Wednesday, September 10, 2003
Governor Signs State Bar Dues Bill Limiting Scaling
By DAVID WATSON, Staff Writer
Gov. Gray Davis said yesterday that he has signed into law a State Bar dues bill placing new limitations on dues waivers available to low income lawyers.
The legislation, AB 1708, permits the bar to collect dues at the current rate—a base rate of $310 annually for active members—through 2004. Bar dues are payable by Feb. 1 each year.
Base dues for inactive members are $40, and are waived for those over 70 years of age. Actual charges also include additional fees bringing the total to $390 for active and $50 for inactive members.
But the bill changes the “scaling” rules under which attorneys can presumptively qualify for a waiver of either 25 percent or 50 percent of their base dues.
This year, lawyers who earned less than $25,000 annually from law practice qualified for the 50 percent reduction, while those who earned less than $40,000 could get the 25 percent reduction. For 2004, AB 1708 changes the income figure for the 50 percent reduction to $30,000, and provides that all incomeónot just income from the practice of law—must be considered.
The income level needed to presumptively qualify for the 25 percent reduction is unchanged, and still includes only law-related income. But the legislation adds a definition of income from the practice of law, specifying that it includes any income “derived from the provision of arbitration, mediation, referee, or other dispute resolution services.”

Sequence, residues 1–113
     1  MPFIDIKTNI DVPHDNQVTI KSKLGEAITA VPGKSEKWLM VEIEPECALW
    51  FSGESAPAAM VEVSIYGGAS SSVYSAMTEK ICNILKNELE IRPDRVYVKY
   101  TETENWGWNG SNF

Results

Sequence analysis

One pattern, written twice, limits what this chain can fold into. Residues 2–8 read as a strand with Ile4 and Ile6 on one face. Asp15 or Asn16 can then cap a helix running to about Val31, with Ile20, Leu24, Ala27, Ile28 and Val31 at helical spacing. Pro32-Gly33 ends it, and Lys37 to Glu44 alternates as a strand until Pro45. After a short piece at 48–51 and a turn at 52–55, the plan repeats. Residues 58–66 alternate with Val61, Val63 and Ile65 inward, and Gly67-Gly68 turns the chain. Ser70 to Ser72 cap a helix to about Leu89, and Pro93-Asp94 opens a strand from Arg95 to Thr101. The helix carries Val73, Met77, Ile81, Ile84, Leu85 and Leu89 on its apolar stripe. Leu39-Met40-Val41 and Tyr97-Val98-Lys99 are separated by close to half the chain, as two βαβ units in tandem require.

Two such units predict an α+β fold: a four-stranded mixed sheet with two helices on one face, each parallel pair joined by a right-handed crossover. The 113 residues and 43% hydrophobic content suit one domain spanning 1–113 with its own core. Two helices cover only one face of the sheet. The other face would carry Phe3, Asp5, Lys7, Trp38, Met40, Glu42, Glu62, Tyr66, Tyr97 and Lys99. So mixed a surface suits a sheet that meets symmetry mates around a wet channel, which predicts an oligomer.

In adopting its budget for 2003-2004, the bar estimated that the scaling changes would net at least $1 million in additional dues revenue, and newly installed State Bar President Tony Capozzi has suggested the figure could be substantially higher. Last year about 22,500 lawyers took advantage of the fee scaling provisions, according to State Bar budgeting estimates.
In his inaugural address Saturday at the State Bar Convention in Anaheim, Capozzi said it was too soon to say whether a dues increase would be needed in 2005. The bar dues have not changed since 2000.
Capozzi noted that the bar has laid off employees and said a dues increase would be a “last resort.”
But he has also said he believes the inactive dues are too low. The State Bar’s effort to include an increase in the inactive dues in AB 1708 was abandoned this year in the face of legislative opposition.
AB 1708 also gives the State Bar authority to enforce as a money judgment, and to include in a member’s dues bill, the costs assessed under current law when a lawyer is publicly reproved or disciplined or when a lawyer resigns from the State Bar while a disciplinary matter is pending. The bar could also enforce as money judgments assessment against lawyers whose misconduct required payments to their clients from the bar’s Client Security Fund.
AB 1708 was passed by the Senate on Aug. 25 by a vote of 28-8. It passed the Assembly Aug. 28 on a 61-16 vote.
Copyright 2003, Metropolitan News Company